IE has more than 500 international faculty members which teach a student body composed of more than 90 nationalities in their Undergraduate (IE University), Master, and Doctorate degrees, and Executive Education programs. Their alumni, now numbering over 40,000, hold management positions in some 100 countries worldwide.
Recognized as one of the world’s top business schools, IE is highly ranked for its MBA, Master, and Executive Education programs. IE Business School has an urban campus in Madrid and an online learning environment, thus catering to students who want to experience Madrid and to those who prefer to participate in our Blended programs which allow them to maintain a work-life balance. Our rolling admissions process means that candidates can apply at any time. IE Business School – a truly diverse center for innovation, entrepreneurship, and academic excellence.
Summer is fast approaching, which means that now is the time to very seriously start preparing for the business school application process. Kaplan plans to do our part to help you get a taste of what is out there leading up to our Road to Business School event series in August by highlighting a new MBA program each week. This week’s school spotlight features The Fisher College of Business at The Ohio State University.
You’ll have the opportunity to meet with representatives from The Fisher College of Business at our upcoming Road to Business School fairs. Don’t miss your chance to meet one-on-one with admissions representatives from this highly respected program. Register today!
Fisher College of Business - The Ohio State University
The Fisher College of Business MBA program prepares every student for an extraordinary career through an action-based, business management education, hands-on learning opportunities, and international experiences. Each student receives personal attention, and benefits from an unparalleled network of resources—including our distinguished faculty, strong business connections, proven career management office, and extensive alumni network.
March 15, 2013
The graduate school admissions process is extremely stressful from start to finish. And, the finish, of course, only occurs when those letters from admissions committees start rolling in. This the point at which many of you out there currently find yourselves.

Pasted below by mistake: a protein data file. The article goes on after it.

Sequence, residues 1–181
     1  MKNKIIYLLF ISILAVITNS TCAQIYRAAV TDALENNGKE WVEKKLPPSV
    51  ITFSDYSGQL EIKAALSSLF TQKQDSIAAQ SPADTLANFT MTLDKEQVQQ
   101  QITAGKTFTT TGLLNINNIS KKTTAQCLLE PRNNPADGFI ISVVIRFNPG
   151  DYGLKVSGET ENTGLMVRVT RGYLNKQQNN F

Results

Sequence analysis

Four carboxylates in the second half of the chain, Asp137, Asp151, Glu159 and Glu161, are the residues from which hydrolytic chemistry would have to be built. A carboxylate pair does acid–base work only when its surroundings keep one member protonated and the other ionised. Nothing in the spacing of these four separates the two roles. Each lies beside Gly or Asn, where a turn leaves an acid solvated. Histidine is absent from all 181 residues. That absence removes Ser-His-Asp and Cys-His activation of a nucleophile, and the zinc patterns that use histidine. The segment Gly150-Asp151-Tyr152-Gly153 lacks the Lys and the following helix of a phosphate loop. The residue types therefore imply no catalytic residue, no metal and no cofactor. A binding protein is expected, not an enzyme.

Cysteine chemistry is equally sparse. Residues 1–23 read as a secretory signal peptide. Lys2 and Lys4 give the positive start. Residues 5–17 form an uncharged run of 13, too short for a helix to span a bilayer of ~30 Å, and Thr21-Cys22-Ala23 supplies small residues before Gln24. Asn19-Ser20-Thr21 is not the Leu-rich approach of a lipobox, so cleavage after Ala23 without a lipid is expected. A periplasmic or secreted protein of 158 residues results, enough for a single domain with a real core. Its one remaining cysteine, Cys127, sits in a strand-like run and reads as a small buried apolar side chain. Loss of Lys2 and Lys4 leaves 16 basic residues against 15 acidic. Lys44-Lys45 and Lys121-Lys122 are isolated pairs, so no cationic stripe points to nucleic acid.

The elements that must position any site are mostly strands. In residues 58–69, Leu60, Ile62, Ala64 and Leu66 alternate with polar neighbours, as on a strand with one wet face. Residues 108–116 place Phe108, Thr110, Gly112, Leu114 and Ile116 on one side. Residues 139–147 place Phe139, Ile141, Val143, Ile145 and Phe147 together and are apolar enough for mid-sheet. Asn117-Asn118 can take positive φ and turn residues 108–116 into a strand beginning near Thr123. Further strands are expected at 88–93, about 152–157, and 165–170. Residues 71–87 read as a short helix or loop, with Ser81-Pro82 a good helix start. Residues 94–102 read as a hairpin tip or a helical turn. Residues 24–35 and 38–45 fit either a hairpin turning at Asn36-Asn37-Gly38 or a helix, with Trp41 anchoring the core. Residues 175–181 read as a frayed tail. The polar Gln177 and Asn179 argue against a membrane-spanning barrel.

A Bloomberg Businessweek article covers some incoming reports from admissions officers at many of the nation’s top schools. According to the article, most of the decisions for the Round 2 cycle will be pushed out to applicants by the end of March—the 28th to be precise.
Here is a quick summation of decision info from the schools featured in the article:
University of Michigan’s Ross School of Business:
Rnd 2 calls begin March 12th
All decisions posted by March 15th Rnd 3 decisions announced May 15th
University of Virginia’s Darden School of Business:
Rnd 2 calls begin March 20th
Rnd 3 deadline is March 28th Unaccepted applicants can register for a feedback phone call in May. Calls will be made in June
University of Chicago’s Booth School of Business:
All Rnd 2 notifications will be complete by March 28th
Rnd 3 deadline is April 4th
University of Pennsylvania’s Wharton School:
Rnd 2 decisions made by March 26th
Rnd 3 decisions by May 3rd
Stanford University’s Graduate School of Business:
Rnd 2 decisions pushed out by March 27th
Rnd 3 deadline is April 3rd
MIT’s Sloan School of Management:
Rnd 2 decisions released on April 2nd
No Rnd 3 at MIT
Duke University’s Fuqua School of Business:
Rnd 2 notifications complete by March 18th
Rnd 3 deadline is March 21st Rnd 3 interview invitations sent by April 10th and decisions made by May 10th
Harvard Business School:
Rnd 2 notifications complete by March 27th
Rnd 3 deadline is 12:00pm EST on April 8th
Cornell University’s Johnson Graduate School of Management:
Rnd 3 decisions by April 3rd
Rnd 4 deadline is March 27th (Note: four admission rounds in a unique feature of Cornell’s admissions process)
Northwestern University’s Kellogg School of Management:
Rnd 2 decisions by March 21st
Rnd 3 off-campus interview request deadline is April 3rd
Rnd 3 decisions made by May 15th
Last summer, the GMAT made the most major change to its format in 15 years by replacing one of the essays with the Integrated Reasoning (IR) section. Since then, GMAT test-takers have been wondering how IR impacts their b-school applications. As it turns out, business schools are wondering exactly the same thing.
In the IR section of the GMAT, test-takers evaluate data in graphs, spreadsheets, and charts, similar to the materials they will eventually see in business school. In theory, IR can better assess students’ ability to perform the tasks expected of them in business school and the work world. Nearly a year after the inclusion of IR, the Graduate Management Admission Council (GMAC), who administers the GMAT, and business schools nationwide are taking the first steps to determine what role IR should play in the admissions process.